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58 of 77 people found the following review helpful
5.0 out of 5 stars No "moral or intellectual confusion" here..., September 20, 2006
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This review is from: The Worst Person in the World: And 202 Strong Contenders (Hardcover)
As I read through "Worst Person In The World", I was reminded that Olbermann could have indeed taken the Bill O'Reilly-route and written a book on politics, values, or the ever popular and overexposed "culture wars". Olbermann's perceptive on-air commentaries in recent weeks on Rumsfeld and 9/11 indeed prove he would be quite adept at this. However, as one reviewer here previously noted (and rightly so) there are enough of these types of books. The world doesn't need another. Instead, Olbermann smartly chose to treat us to a little humor in noting some absolutely twisted and foolish individuals. The result is a book that comes across as apolitical more often than political.

If you are a viewer of "Countdown", much of this material will be familiar as it is largely transcripts of what was presented on the broadcasts. However, Olbermann's concise and witty use of the language, even repeated in a printed format, is still informative and necessary. Aspects of the book where Olbermann highlights nominees for astounding failures in the wake of Hurricane Katrina speak largely to this point. Over a year on, many of these failures have not been refuted and some of them will truly make your head spin. At times, his observations are also wildly entertaining. Be on the lookout for my personal favorite: the government agency that posted signs for a suicide hotline with the wrong phone number. Oops!

Then there's Malmedy. Included in the epilogue of this book is a commentary by Olbermann where he takes issue with Bill O'Reilly's characterization of the Malmedy massacre of World War II. For those of you who don't know this story, it goes something like this. On his show, O'Reilly was defending the conduct of American soldiers accused of atrocities at Haditha in Iraq, and did so by mentioning atrocities committed by American soldiers in Malmedy in 1944. Problem is American soldiers didn't commit atrocities in Malmedy; German Nazi soldiers did. American soldiers were taken prisoner and 84 of them were gunned down in a field by the Germans. When Olbermann mentioned O'Reilly's mix up on "Countdown", I decided to do my own research on this. I couldn't believe O'Reilly could be THIS wrong! A quick Yahoo search of Malmedy and Michael Reynolds, the author cited by Olbermann, quickly turned up the primary article that Olbermann used from "World War II" magazine in October 2003. Several other history-related websites corroborated the same information and Olbermann's summary of the article is spot-on. If you can still rationalize O'Reilly and what he says after reading what Olbermann relates in this epilogue, you better start brushing up on what the meaning of the word "is" is. I think you will need it soon.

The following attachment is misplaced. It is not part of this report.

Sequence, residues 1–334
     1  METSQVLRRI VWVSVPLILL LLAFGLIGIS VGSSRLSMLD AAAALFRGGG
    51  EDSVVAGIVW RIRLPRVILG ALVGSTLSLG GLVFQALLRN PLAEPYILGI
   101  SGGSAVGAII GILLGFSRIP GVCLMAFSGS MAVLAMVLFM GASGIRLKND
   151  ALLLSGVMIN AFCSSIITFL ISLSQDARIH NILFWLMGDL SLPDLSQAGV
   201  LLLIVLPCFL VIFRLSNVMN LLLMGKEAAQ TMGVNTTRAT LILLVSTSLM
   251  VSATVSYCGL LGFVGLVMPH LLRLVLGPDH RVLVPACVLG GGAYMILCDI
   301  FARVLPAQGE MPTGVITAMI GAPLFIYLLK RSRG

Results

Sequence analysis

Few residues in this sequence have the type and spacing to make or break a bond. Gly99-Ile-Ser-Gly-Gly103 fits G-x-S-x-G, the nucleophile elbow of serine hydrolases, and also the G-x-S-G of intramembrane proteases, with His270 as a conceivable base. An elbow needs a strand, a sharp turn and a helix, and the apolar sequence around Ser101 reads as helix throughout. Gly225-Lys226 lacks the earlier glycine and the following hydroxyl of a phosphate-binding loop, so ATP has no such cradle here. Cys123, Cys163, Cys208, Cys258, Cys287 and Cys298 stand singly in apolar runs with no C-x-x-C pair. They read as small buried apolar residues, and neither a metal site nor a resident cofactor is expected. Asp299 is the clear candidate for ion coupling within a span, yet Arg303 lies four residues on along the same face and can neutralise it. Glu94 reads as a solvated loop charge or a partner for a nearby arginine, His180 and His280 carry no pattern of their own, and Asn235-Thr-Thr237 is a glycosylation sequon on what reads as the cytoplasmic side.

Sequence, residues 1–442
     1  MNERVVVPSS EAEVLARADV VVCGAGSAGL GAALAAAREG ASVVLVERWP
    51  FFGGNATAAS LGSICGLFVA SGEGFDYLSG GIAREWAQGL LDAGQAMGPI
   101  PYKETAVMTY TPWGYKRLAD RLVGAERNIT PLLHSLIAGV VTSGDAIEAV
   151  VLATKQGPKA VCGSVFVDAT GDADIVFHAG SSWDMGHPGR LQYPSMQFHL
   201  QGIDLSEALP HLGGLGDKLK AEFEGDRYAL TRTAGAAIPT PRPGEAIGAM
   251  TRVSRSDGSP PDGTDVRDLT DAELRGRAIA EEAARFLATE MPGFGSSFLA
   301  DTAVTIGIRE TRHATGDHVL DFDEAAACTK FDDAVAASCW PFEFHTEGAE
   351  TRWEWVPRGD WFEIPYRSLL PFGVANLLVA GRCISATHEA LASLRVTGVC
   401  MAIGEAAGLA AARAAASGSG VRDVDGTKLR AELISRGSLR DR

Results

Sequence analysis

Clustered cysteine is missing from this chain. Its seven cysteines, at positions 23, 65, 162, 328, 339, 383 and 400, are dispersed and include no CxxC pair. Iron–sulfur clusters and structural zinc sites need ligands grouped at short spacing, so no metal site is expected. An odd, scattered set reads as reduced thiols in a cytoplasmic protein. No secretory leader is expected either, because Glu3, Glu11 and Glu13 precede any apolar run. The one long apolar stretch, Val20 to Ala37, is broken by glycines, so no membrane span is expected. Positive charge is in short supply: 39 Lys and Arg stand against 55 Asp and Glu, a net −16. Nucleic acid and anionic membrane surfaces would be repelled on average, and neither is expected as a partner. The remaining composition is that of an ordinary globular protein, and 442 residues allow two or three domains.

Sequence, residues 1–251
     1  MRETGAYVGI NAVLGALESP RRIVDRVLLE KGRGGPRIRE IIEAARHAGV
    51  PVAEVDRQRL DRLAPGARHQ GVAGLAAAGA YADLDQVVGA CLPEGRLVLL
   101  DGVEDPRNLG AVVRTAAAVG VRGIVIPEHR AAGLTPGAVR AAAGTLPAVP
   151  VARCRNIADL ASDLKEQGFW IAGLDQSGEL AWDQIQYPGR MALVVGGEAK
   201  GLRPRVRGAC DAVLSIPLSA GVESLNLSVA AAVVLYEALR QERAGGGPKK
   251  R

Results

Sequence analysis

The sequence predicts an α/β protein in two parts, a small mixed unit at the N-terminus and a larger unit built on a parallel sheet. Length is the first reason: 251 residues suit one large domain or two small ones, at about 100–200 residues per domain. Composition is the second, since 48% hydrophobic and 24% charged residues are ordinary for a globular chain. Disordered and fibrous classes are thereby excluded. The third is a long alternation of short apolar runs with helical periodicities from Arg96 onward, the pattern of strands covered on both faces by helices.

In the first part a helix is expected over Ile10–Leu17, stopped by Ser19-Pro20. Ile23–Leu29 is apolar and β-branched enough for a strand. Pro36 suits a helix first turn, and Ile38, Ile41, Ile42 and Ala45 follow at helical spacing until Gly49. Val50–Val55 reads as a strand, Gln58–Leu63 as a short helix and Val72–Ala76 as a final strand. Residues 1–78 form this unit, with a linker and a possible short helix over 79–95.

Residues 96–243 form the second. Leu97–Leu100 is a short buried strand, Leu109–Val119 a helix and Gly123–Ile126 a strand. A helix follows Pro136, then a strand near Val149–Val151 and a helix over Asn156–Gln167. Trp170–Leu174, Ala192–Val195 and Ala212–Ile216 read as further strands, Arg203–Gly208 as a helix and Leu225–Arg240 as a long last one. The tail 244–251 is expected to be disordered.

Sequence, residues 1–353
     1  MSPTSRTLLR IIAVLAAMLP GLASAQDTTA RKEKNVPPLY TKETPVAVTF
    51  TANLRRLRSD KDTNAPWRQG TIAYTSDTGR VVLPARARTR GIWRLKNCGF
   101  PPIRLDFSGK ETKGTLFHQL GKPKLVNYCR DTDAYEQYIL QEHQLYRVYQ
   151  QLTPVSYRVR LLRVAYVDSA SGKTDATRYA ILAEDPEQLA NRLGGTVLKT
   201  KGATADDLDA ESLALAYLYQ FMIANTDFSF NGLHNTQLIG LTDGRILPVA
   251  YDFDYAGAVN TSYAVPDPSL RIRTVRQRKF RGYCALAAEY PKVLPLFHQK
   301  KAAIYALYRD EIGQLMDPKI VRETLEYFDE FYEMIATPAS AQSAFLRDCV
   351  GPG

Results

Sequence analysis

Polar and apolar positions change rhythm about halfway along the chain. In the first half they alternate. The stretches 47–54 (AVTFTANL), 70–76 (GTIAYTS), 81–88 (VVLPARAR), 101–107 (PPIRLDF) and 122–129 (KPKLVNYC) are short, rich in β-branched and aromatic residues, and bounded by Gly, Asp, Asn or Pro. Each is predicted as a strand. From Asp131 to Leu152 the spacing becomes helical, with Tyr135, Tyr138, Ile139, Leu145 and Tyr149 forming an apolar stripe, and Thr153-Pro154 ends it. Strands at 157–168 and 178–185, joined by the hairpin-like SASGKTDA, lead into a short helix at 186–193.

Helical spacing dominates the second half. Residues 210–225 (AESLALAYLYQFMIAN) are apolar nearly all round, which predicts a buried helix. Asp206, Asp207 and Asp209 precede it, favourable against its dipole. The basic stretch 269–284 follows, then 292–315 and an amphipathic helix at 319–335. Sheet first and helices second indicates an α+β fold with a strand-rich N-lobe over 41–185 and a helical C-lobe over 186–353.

Hopefully, MSNBC and other networks will have the graciousness to continue giving broadcasters like Olbermann a place on the dial. There is an audience for Olbermann; they just haven't all found him yet! Hopefully, this book might change that. Buy this book and see if you won't want to join us after you've read it.
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